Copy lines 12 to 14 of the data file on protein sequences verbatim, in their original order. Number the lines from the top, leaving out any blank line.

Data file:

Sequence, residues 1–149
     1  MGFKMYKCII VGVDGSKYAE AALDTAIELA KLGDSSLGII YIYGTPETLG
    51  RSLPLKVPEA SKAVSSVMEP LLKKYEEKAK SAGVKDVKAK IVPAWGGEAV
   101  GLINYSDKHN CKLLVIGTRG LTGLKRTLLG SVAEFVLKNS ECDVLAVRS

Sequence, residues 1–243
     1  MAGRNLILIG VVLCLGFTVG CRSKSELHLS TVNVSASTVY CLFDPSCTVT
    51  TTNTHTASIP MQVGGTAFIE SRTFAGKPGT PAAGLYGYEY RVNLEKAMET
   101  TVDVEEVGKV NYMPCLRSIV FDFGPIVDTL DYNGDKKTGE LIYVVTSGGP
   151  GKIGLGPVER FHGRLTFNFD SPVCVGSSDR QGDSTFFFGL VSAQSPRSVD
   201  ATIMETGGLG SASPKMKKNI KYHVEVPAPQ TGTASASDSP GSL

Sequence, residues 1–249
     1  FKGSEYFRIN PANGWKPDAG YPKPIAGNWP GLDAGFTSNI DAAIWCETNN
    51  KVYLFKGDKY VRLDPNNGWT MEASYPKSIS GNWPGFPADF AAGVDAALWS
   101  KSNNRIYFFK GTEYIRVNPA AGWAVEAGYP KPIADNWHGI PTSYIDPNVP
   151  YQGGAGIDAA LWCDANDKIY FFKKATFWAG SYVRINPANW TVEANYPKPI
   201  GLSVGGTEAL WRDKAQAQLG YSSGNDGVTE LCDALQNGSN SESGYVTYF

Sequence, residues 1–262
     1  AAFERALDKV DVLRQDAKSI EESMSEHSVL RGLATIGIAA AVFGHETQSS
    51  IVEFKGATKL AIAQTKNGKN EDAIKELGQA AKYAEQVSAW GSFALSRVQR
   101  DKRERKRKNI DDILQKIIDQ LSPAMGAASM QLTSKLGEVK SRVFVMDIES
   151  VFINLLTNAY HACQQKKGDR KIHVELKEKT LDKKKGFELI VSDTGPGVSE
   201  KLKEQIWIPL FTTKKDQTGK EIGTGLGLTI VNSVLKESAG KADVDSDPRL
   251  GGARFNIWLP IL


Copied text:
     1  FKGSEYFRIN PANGWKPDAG YPKPIAGNWP GLDAGFTSNI DAAIWCETNN
    51  KVYLFKGDKY VRLDPNNGWT MEASYPKSIS GNWPGFPADF AAGVDAALWS
   101  KSNNRIYFFK GTEYIRVNPA AGWAVEAGYP KPIADNWHGI PTSYIDPNVP